On March 19th, ICAN participated in an interactive panel co-hosted with CIVICUS and Women Thrive Alliance titled “Shrinking Space for the Feminist Movement”. The panel included seven speakers from seven different countries who rotated around the room telling their stories to small groups of audience members. Panelists were activists and women human rights defenders from Jordan, Tanzania, Nigeria, Colombia, Indonesia, South Africa and Zimbabwe. Each participant discussed the challenges she faces in her context and how she and her organization overcome those challenges.

The representative from Tanzania spoke about her work with the LGBTQI community and the barriers she faces because of a lack of constitutional reforms. Since discussing human rights in Tanzania is criminalized, they have created platforms for LGBTQI people to discuss the challenges they encounter and offer possible solutions, but steer away from framing it as a discussion on human rights.

The activist from Jordan touched on the barriers encountered by women human rights defenders in her country. She explains that the barriers include community attitudes because they believe that human rights defenders, particularly women human rights defenders, threaten the status quo. To address this, her organization decided that they must first begin working with the men in the communities. Another barrier they counter is the roadblocks in legislation because “the men in the communities influence legislation and aim to stop our work”, she says. To overcome this, she emphasized that NGOs must work together and share methods of best practice.

In Nigeria, the political situation surrounding civil society organizations (CSOs) and human rights is very different. The Nigerian activist explains that this is because there is a lack of space for civil society and especially women’s organizations since there is no freedom of expression or freedom of assembly. CSOs have been advocating against a bill that would criminalize them and thus far have been successful.

In Colombia, they have begun using holistic models in their activism. The activist from Colombia is a young woman, so she faces additional challenges as both a young person and a woman activist because “the government does not believe in the value of her work”, she says. Her goal is to create long-term sustainable projects, but “the government is only interested in in direct impact and if you cannot show it, they are not interested in your program,” she adds. To mitigate this, they have been focusing on economic empowerment programs.

The representative from Indonesia spoke of the barriers faced in this work, but specifically what indigenous women face in West Papua, Indonesia. The three main barriers stem from the state, culture and high rates of HIV. She says “the government does not care for indigenous people and West Papua remains the poorest province with the lowest development index”. She goes on to explain that culturally, women in indigenous communities face the highest rate of sexual violence. Coupled with a lack of education on their sexual and reproductive rights, West Papua has seen a high rate of HIV.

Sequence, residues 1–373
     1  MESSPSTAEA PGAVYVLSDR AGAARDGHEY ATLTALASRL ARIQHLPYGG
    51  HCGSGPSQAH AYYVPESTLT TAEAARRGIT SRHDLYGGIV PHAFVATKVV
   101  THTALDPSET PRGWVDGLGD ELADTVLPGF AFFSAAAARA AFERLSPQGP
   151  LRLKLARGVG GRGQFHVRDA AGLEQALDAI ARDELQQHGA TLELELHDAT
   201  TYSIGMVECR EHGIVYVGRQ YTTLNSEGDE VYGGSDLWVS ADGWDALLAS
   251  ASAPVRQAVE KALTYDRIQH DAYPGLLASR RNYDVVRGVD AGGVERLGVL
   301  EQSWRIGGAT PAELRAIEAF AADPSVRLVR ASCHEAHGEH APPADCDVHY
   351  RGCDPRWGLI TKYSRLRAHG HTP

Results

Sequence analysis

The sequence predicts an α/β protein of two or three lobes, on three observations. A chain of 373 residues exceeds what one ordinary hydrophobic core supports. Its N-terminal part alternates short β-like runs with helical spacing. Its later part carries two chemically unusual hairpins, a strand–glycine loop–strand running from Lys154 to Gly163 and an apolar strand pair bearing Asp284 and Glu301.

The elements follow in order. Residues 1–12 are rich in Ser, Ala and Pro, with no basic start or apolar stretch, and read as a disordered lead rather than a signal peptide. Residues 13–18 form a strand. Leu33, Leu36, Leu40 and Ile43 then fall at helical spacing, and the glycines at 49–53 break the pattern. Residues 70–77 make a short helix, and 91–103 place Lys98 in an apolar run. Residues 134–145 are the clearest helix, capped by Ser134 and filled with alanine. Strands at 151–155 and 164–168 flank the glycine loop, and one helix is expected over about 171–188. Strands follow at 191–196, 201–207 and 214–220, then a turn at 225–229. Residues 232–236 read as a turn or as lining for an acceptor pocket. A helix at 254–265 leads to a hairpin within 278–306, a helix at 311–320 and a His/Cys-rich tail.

In South Africa there is a bill of rights included in the constitution, but women human rights defenders do not feel as though it is sufficient enough. They regularly face funding shortages, which is the main barrier to their work. They recognized that in many of the communities in which they are working, men are the heads of the communities and families. Like in Jordan, they found that “the men are the gatekeepers”, so they must first approach them. Once the men in the community are onboard, they found that the women began to take advantage of the programs available to them because there was no longer a community pressure dissuading them from participating. To further enhance this, the representative from South Africa reinforced that the government and private sector need to work together to push women and women’s organizations to fill the missing gaps.  

Unlike the other contexts, the representative from Zimbabwe spoke of potential opening of spaces for women’s organizations. She says that before the coup in Zimbabwe, there were widespread human rights abuses and closing space for civil society. “Since the coup, there has been more discussions about democracy”, she adds. She views that it is the responsibility of activists and CSOs to hold the government accountable. Yet, there is a lack of funding for women’s organizations and there is high competitiveness amongst NGOs, which leads to compromised ethics on both the NGOs’ and donors’ sides. Her response to this is to push donors to direct funding to the grassroots organizations instead of relying on a trickle-down model of funding. 

The event ended with the question “where are the feminists?” Today being a feminist is taboo, but as one participant put it, “we cannot compromise our feminist ideals. Women’s movements need to be feminist and we need to force policies based on a feminist model.”

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